February 5, 2015

The Painted Girls: A Review

So, today I finished reading a book that I bought the last time I was in Old Town Spring as Ariel. I came across this tiny little book shop tucked in between several other businesses, called "Glow Worm". The place was packed with used books, many of which were in great condition. I definitely want to go back there, but in the meantime I have other books to read. The one that I picked up the one time that I went there was "The Painted Girls" by Cathy Marie Buchanan.

I had heard about this book before, but just a little bit. I thought that it was a story based on a painting of ballet girls that is part of the cover of the book. It wasn't exactly like that, however. I did end up loving the book regardless.

The book is based on a work of the artist Edgar Degas, the little dancer of fourteen years. The sculpture is of a ballet girl, Marie van Goethem. About half way through the book, I ended up looking up the sculpture to see what the main character was supposed to look like, and I was surprised that the facial features of the figure are more masculine and, as said in the book, "ape-like" than what I would have expected. The sculpture is made of wax, which was more of a temporary medium. The tutu, hair, and hair ribbon are real though, although the hair is covered in wax to preserve it. There are apparently many replicas that have been made and the tutus of the replicas vary. The actual sculpture resides in Washington DC at the national gallery of art, if I'm not mistaken. I think it would be neat to go and see it some day. That is one of the few reasons that I would ever want to go to Washington DC.

Anyway, this book tells the tale of two ballet girls who were sisters, Marie and Antoinette van Goethem. I don't want to give to much away from the plot, but these two girls in the book have a rough life. They go through extreme poverty and abuse and all kinds of terrible things. Antoinette doesn't make it far as a ballet girl and circumstances cause... Never mind. There's just too much that I could give away by saying anything about the plot.

This book is really unique in both that it is written about an existing character and that it is written from the perspectives from both of the main characters. The chapters go back and forth between Marie and Antoinette telling what is happening. Unlike many books with this style of storytelling, this book doesn't get boring in constantly re-telling the same events in different perspectives. There is also another layer of interest added to this book because it takes place in Paris in the 1870s and has a lot to do with ballet and the opera. There were quite a few words that I had to look up, but I am all for this! I love when an author actually uses the proper language when discussing a subject matter. In the Acknowledgements, it is obvious that this author did her research.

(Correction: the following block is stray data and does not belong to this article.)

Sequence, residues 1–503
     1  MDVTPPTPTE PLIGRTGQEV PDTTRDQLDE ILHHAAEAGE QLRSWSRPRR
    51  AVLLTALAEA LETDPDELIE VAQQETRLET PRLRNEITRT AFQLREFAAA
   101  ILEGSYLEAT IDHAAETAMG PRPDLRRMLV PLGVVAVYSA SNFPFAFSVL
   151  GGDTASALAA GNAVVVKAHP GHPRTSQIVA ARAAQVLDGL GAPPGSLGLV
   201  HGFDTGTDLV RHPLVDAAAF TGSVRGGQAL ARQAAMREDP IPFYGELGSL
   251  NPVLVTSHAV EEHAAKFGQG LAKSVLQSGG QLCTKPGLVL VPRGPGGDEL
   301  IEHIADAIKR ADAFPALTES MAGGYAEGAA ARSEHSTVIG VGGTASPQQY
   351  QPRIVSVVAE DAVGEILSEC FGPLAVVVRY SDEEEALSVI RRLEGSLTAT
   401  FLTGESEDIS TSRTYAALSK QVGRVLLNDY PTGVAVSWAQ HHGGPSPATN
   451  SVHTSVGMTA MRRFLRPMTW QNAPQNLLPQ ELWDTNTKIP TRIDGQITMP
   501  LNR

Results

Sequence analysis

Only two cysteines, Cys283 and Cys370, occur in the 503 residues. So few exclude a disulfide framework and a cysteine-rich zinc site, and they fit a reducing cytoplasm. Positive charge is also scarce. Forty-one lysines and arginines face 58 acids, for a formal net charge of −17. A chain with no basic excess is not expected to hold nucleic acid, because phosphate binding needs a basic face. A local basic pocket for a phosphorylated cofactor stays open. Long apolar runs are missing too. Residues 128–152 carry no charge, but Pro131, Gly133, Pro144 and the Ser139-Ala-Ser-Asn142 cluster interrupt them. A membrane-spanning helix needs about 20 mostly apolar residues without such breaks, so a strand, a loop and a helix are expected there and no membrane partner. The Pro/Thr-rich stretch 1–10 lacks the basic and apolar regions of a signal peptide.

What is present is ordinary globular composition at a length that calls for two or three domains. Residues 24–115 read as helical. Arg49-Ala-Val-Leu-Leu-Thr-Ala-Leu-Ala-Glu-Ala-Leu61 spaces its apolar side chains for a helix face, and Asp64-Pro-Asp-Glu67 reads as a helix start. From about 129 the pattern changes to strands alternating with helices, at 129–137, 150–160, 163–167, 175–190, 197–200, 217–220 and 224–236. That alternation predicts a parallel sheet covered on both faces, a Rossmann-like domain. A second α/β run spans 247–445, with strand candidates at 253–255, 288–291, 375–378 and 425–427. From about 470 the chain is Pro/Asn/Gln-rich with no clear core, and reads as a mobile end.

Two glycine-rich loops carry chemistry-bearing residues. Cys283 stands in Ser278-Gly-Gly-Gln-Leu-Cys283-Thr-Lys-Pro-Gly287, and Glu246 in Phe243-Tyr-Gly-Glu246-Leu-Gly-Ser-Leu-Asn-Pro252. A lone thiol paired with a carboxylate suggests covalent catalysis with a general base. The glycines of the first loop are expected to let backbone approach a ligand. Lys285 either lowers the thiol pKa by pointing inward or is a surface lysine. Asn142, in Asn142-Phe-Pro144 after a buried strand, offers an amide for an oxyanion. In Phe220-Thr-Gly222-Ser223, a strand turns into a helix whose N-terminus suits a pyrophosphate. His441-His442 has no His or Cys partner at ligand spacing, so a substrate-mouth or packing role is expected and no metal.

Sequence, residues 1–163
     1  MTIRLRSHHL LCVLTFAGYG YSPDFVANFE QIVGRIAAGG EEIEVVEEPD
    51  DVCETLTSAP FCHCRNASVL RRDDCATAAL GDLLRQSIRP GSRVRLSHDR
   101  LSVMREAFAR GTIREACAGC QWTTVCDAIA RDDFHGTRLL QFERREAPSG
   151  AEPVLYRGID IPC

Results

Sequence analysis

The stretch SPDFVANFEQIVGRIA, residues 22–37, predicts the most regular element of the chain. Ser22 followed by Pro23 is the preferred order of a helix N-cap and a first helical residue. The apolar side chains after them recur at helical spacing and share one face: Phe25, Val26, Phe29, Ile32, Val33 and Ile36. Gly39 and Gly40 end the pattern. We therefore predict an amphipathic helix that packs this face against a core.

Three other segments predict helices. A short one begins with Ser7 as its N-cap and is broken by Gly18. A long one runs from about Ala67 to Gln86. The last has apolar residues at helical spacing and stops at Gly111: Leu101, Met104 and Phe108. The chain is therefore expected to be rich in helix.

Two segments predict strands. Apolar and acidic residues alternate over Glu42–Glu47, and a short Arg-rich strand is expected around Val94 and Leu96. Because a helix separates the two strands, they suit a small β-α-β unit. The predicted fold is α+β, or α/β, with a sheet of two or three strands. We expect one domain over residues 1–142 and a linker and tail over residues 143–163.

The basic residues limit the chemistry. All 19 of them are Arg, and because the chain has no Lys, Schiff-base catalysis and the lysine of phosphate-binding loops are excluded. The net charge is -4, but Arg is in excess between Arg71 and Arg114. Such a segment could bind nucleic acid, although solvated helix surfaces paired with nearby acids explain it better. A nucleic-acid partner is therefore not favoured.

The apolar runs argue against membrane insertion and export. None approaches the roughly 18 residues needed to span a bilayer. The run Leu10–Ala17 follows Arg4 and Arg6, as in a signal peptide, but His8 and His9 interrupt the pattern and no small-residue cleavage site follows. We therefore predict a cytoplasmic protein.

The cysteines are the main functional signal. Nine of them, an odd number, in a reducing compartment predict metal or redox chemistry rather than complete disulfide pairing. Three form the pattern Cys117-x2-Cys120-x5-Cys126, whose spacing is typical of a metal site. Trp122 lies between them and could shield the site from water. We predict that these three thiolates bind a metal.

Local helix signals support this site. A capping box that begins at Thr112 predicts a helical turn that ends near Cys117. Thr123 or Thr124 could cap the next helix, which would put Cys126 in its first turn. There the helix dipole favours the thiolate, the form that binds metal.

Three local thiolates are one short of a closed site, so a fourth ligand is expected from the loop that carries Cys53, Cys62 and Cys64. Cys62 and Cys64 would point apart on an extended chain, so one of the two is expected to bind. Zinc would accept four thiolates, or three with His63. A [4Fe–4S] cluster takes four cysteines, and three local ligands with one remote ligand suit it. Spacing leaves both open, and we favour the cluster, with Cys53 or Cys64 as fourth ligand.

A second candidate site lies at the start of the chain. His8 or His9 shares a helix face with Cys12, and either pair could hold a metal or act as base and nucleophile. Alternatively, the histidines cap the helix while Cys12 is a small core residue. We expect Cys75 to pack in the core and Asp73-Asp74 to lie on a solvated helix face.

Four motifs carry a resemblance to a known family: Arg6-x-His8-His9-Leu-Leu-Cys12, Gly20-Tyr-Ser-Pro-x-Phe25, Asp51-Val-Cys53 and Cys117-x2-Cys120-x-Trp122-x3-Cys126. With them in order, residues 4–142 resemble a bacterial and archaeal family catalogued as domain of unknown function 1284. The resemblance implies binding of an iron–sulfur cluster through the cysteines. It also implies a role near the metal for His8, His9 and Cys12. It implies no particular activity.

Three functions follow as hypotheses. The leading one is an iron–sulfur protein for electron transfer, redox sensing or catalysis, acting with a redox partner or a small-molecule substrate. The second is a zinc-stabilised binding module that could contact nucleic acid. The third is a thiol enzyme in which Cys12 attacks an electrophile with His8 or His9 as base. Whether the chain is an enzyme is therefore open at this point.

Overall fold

This wasn't a book that I could read really fast because of the amount of information and new vocabulary that I was coming across. I spaced it out over a couple of months with some other books thrown in the mix as a break from it. It is definitely a higher reading level book. I would say that this book is appropriate for a high level, mature middle schooler or a high schooler. The subject matter can get kind of intense at times too, which makes me think that a high school level person would be better for reading this book. I'd rate it PG-13 if it was a movie. But the thing is, it attempts to accurately portray how life was at that time. Life, even today, isn't always pretty and nice.

I'd give this book a 4 of 5 stars, just because I felt like I needed a background with ballet to fully understand parts of it. There were also a few pages here and there that were just blah and I felt myself just skimming it, not really taking in the words. It was a very wordy book. But if you can get past that, its fantastic. I would definitely reccomend this book to someone interested in Opera or Ballet or dance of any sort. Or even someone interested in famous artists, since that plays a large part in the plot also. Happy reading!

-EW